Geeze Apple. This is “introduction to operating systems” level stuff. There are examples of working systems, mostly realtime, where high priority threads never get preempted and you must be very careful about spin locks. But they are like that to start, and clearly documented. It’s problematic to retrofit such a design into a system that previously always had preemptible threads.
In what cases are spinlocks not a bad idea? I mean seriously this is like asynchronous programming 101 stuff. I suppose if the underlying architecture makes real locks impossible but how many of those are there outside of niche embedded systems are there?
[Edit] This is a serious question by the way. I’m really interested in what situations would make a spinlock be preferable.
They’re a fast synchronization primitive, so e.g. locks for a kernel’s scheduler would want to use them.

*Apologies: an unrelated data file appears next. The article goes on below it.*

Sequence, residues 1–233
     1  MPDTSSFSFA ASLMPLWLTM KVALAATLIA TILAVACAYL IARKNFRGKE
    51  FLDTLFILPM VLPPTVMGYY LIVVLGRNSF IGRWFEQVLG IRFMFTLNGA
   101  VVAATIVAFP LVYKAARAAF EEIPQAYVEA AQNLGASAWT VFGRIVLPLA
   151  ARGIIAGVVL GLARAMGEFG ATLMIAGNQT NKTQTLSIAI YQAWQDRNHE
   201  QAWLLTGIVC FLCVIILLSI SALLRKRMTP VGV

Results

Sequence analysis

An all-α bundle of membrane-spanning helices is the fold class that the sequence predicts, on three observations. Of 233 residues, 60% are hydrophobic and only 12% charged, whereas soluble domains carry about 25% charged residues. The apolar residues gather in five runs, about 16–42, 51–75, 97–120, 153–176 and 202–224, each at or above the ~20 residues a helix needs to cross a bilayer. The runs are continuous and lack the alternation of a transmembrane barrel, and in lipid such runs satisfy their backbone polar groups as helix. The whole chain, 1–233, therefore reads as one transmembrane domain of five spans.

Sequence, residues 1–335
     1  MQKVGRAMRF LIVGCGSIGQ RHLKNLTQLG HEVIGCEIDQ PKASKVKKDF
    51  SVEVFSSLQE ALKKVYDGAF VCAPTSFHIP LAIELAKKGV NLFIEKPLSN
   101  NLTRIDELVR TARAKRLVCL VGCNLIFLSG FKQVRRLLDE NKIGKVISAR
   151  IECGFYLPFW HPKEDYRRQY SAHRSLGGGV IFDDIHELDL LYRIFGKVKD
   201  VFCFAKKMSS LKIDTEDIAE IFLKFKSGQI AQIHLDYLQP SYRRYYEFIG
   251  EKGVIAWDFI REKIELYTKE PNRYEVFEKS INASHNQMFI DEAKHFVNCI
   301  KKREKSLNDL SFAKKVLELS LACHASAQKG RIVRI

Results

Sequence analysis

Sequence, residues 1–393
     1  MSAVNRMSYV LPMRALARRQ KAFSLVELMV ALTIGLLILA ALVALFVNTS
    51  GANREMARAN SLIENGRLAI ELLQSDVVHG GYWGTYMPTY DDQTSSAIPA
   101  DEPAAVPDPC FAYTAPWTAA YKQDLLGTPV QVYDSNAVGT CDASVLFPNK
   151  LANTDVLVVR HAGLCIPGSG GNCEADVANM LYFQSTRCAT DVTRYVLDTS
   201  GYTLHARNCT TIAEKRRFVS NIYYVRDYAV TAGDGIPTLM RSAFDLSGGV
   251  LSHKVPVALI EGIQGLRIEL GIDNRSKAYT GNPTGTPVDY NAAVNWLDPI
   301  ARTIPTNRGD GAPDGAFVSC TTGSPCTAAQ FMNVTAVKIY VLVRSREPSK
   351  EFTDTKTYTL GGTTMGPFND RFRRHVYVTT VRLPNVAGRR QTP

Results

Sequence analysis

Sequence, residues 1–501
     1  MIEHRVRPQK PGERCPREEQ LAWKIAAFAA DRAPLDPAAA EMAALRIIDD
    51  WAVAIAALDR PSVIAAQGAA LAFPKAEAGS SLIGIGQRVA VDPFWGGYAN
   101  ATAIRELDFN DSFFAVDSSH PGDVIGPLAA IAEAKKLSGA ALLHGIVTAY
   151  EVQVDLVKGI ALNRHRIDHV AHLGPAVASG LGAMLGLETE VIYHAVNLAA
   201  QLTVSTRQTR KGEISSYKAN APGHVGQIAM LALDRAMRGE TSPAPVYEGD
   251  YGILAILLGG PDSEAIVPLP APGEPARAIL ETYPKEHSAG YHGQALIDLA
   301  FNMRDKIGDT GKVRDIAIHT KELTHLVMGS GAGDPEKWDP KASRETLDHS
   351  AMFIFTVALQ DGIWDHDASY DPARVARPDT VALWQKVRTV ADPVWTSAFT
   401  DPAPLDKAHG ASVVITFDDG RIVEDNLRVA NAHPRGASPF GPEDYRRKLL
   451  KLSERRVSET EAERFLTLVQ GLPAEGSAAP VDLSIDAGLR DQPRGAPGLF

See the “Spinlock performance” section of the linked article.
If your critical sections are non-blocking (and generally short) they’re likely to be more efficient than “real” (blocking/sleeping) locks. Even if your critical sections are long and/or blocking, they’ll be inefficient, but still safe…unless, as is apparently the case here, your system’s scheduler has starvation problems designed in (leading to lockups).
OpenMP libraries, for example.
I don’t have enough context to understand this answer.